As I attended court and tried to understand the legal jargon involved, I have come across the heart breaking realisation that there are so many stuck in the legal system with no hope of being offered their own human rights. I am very grateful for the time that was taken to explain to me what is going on in legal terms, as to me, legal jargon is just like another language.

It is, in this country, very possible to get stuck in jail for a crime one has not even sat trial for. Few people can afford legal counsel and even fewer have any idea what their rights even are. The courts primary occupation seems to me to be to aprove the postponements of justice.

When I visited Meena in remand, the wardens addressed her as ‘Teacher Amina’. I had to ask why, and the answer was that she spent her mornings there teaching the infants in the prison the alphabet and names of colours in English and Kiswahili. The day after her release, she insisted on returning with food supplies, sweets and nappies to the prison. In truth, I can’t exaust how heart breaking her circumstance is to me. Especially as it is not outside the rhelm of possibility that she may go to jail for something she did not do.

For these reasons, I can only pray that her trail is free and fair as possible.



[1] http://kenyalaw.org/caselaw/cases/view/127213/


Throwing stones

      It’s 3:00am, and I can’t get back to sleep. My mind is preoccupied by young faces from yet another FGM Kenya documentary I put myself through yesterday.
      It is not a hidden fact, that the age for circumcision is getting younger and younger. Perhaps its in order to combat the increasing awareness of its detrimental health side effects.
      The procedure is so excruciating that it makes illegal torture practices look like childs play. It is often practiced in places so remote, that emergency health care is an impossibility. Once pregnant, if by the grace of God, both mother and child survive, post natal complications are dire. I won’t go into those details (watch the Untold Stories three part documentary on You Tube if your interested. I cried.). The whole thing makes me feel completely helpless and worthless.
      Why are we not shouting about this insanely detrimental practice? Maybe its not entertaining enough. Maybe it doesn’t come in a package with dinner and a raffle ticket.
      One of the most common replies I have gotten when I bring this up in conversation, is that the girls themselves want it to happen. Talk about sticking your head in the ground! If an eight to twelve year old girl told you that she wanted to have sex, would that make it ok for her to do so?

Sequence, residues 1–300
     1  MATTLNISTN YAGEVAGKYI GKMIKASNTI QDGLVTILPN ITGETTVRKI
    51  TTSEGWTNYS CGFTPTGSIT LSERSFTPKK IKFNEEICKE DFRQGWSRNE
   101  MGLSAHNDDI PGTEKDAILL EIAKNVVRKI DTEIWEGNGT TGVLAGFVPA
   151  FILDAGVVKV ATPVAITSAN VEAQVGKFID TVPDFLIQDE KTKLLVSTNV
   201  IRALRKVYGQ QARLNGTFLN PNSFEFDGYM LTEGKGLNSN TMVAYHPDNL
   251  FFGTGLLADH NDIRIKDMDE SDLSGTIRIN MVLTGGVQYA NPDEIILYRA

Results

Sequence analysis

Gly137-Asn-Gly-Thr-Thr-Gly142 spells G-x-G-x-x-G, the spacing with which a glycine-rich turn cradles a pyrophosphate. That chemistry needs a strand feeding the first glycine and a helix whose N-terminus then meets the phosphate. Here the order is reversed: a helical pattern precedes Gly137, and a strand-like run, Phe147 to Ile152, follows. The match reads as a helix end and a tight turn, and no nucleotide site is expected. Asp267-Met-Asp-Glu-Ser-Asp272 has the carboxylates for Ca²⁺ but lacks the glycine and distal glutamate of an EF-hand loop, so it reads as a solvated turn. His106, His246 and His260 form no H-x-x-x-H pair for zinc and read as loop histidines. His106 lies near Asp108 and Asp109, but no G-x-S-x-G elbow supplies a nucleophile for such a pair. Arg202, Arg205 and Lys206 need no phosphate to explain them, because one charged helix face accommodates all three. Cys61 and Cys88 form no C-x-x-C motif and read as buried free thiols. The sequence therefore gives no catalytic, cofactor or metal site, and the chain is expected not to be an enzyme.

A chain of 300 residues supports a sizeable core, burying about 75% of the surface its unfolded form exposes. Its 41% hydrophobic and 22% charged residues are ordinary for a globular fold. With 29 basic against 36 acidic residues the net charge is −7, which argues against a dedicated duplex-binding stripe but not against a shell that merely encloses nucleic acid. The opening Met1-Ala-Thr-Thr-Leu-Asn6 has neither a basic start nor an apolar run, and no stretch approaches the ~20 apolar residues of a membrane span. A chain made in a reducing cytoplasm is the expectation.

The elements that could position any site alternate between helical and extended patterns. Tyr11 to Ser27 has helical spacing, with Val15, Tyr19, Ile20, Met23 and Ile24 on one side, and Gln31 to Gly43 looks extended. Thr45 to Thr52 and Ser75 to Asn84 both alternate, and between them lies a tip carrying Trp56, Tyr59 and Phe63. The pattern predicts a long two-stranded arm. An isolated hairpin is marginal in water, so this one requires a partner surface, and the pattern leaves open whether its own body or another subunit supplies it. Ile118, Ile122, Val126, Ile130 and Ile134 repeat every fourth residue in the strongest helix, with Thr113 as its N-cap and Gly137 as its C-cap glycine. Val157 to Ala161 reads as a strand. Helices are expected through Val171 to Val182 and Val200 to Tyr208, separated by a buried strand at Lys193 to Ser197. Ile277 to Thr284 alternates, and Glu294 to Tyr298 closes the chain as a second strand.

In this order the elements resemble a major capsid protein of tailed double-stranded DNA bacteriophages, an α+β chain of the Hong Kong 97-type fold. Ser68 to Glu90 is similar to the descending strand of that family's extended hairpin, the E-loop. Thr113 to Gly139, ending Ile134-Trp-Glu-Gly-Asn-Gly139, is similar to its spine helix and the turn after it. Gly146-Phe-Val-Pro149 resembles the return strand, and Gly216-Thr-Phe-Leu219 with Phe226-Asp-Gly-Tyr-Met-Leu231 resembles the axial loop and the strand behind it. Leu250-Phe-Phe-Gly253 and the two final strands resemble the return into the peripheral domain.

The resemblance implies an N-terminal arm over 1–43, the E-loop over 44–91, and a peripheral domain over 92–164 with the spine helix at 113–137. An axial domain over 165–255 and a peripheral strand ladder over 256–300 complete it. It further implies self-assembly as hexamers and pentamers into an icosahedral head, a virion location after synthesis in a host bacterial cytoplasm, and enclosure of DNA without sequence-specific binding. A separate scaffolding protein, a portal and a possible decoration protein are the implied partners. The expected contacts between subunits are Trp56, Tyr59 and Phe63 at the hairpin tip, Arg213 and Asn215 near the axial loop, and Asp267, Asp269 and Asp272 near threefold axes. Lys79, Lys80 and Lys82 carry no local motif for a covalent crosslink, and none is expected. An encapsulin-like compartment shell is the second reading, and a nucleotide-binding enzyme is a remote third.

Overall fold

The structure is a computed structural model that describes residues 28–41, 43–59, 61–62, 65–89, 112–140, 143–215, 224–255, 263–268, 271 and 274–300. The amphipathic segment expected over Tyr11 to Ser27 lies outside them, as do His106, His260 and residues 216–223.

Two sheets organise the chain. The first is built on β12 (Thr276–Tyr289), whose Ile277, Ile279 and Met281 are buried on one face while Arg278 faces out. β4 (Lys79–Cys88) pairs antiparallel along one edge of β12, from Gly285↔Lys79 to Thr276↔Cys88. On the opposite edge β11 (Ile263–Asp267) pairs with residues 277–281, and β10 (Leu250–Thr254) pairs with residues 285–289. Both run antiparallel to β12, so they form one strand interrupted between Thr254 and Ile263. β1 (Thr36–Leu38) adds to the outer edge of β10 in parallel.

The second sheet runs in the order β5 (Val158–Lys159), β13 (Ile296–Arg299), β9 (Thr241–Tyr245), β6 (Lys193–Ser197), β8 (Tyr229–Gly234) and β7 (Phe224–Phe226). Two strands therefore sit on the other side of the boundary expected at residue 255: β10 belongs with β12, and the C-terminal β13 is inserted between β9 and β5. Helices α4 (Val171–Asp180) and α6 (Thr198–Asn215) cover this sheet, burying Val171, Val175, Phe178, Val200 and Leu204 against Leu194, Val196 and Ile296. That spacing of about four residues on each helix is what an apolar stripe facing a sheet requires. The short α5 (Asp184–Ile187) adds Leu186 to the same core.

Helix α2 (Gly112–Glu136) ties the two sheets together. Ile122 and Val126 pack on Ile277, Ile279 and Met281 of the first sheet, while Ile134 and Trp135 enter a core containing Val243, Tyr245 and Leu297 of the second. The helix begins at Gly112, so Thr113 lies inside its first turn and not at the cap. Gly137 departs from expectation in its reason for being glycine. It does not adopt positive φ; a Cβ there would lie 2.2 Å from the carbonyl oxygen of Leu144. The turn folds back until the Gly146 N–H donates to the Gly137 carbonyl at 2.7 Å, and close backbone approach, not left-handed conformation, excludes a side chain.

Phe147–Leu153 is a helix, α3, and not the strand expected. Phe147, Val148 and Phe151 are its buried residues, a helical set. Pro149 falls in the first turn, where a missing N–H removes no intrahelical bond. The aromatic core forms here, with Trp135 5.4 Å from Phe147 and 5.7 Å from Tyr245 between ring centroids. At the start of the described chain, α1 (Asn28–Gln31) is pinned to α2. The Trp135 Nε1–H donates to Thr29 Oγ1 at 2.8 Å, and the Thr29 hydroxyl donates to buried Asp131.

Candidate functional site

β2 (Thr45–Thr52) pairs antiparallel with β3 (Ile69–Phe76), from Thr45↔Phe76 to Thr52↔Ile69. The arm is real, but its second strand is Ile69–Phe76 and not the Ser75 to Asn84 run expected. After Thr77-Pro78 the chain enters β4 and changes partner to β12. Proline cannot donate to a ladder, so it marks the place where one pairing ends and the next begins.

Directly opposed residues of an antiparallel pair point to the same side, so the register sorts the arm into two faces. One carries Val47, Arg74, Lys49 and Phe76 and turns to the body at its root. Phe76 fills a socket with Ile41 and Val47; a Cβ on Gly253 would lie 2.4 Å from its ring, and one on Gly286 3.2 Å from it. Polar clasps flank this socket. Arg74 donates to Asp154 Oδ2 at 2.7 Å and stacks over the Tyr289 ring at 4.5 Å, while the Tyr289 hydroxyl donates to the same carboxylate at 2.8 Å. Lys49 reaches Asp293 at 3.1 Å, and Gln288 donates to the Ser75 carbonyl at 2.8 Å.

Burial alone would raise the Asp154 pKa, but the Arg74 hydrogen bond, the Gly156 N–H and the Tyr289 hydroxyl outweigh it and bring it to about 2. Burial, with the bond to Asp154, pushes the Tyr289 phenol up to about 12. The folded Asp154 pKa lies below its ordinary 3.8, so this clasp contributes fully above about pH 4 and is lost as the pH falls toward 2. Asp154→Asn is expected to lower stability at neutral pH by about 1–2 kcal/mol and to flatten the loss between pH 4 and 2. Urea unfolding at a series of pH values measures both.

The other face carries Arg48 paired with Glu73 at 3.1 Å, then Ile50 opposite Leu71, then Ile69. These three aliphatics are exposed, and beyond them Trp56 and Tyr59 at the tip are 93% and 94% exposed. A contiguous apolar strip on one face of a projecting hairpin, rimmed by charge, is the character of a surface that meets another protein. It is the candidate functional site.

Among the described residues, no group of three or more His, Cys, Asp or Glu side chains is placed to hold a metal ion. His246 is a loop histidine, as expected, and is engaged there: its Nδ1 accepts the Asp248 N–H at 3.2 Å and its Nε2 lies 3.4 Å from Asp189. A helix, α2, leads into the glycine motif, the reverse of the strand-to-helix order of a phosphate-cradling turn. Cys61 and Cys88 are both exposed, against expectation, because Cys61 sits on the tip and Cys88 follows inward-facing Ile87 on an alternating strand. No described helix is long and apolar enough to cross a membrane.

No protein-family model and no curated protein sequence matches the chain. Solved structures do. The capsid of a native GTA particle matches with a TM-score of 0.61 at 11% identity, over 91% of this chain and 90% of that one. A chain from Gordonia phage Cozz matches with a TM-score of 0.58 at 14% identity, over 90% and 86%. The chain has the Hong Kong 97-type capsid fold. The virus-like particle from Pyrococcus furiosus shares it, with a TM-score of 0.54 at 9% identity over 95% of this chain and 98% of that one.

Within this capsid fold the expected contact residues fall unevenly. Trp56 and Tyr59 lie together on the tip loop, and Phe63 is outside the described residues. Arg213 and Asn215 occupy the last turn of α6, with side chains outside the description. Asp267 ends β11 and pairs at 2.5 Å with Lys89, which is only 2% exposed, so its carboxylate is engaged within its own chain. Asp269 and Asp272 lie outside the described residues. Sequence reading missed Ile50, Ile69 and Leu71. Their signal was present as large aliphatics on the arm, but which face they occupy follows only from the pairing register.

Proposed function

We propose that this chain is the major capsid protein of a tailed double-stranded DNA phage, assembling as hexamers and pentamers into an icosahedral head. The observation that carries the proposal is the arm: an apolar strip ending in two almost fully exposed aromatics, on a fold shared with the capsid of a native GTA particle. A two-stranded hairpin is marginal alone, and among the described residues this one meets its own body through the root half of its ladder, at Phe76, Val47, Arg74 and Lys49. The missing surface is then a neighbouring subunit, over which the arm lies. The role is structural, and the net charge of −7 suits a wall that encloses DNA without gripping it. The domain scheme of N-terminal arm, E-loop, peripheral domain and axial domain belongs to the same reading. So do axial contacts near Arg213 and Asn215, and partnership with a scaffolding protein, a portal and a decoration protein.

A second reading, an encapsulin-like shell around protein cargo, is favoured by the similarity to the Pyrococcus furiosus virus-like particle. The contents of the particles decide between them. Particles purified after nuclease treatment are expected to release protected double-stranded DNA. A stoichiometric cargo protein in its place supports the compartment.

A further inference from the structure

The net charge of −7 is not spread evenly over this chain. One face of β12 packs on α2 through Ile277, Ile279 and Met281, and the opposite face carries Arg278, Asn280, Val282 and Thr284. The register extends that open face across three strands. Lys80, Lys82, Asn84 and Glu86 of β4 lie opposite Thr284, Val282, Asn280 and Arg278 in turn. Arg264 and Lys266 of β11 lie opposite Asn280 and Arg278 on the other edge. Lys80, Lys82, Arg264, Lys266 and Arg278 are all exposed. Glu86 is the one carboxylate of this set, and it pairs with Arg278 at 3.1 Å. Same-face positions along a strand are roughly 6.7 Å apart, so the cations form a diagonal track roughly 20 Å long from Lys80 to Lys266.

Children are not responsible for their own safety. Adults are. I am more disgusted by the lack of political incentive to stop these statutory butchers than i am by the perpetrators themselves. The executors of this ceremony are uneducated and have known no different for their whole lives.

      What’s your excuse?

      When these girls become women, they are expected to bear children through an orifice that was stitched closed specifically to allow only the flow of urine.

As Kenyans, we defend our country ferociously. Woe unto the foreigner who spots a problem within our borders and speaks publicly about it.
      Instead of attacking the problem spotter, attack the problem. It’s about time we turn our glass house, into a safe and sturdy home.

My Face

My face has mountains

and Valleys, lush, life

giving terrain.

Seeds latent, waiting for rain.


You come to me, speaking

in languages that I don’t understand

until I feel them.

But those are just stories I hear.


First I must be silent inside.


We must slice, from my temple down.

On either side.

Take off my face completely.


My nose, you see…

May lead me, to like, to want, to anticipate and salivate

at the prospect of the pleasure of dancing.

This we don’t want.


My lips may form a channel of moisture that can contribute

to a miniature lake of

spent desire.

We don’t want that either.


The mouth; the greatest offender.

It may consent to be fed, to be watered.

Alow an intruder to climb in and till it.

Should I allow it?

That, we really don’t want.


I am a child, yes.

But what goes on in my mind, may blind me from morals

that should be enshrined

so cut out my mouth,

lest I feel inclined,

to speak freely,

words that are babies.


You see, my words,

are babies.

Either fully formed, or merely conceptual.

So cut out my mouth,

as regular childbirth is not enough of a hurdle.

Though, I’ve heard, the scar tissue may kill my first-born.

Or if I’m lucky, ensure that my colon is torn.

Cut out my mouth,

so my father can feel warm,

in the knowledge that he sired a true woman.


Remove my face from me

I should not see, I should not breathe.

Remove my face completely.

I should never have the chance to speak freely.

I have no value, as God made me, functionally,

responsive with flexibility.

To let mother nature have her way with my body,

would mean,

endless shame to my family.


So Please. Cut out my face.


So I can be…